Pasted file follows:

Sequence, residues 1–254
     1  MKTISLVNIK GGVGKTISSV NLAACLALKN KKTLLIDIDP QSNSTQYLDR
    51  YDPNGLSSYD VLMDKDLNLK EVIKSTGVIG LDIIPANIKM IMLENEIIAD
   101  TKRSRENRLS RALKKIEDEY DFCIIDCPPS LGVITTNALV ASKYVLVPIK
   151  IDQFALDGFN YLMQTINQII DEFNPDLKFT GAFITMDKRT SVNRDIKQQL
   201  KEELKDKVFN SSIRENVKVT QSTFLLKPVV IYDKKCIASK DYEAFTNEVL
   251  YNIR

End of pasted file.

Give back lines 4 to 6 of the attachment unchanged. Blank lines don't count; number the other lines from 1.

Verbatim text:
   101  TKRSRENRLS RALKKIEDEY DFCIIDCPPS LGVITTNALV ASKYVLVPIK
   151  IDQFALDGFN YLMQTINQII DEFNPDLKFT GAFITMDKRT SVNRDIKQQL
   201  KEELKDKVFN SSIRENVKVT QSTFLLKPVV IYDKKCIASK DYEAFTNEVL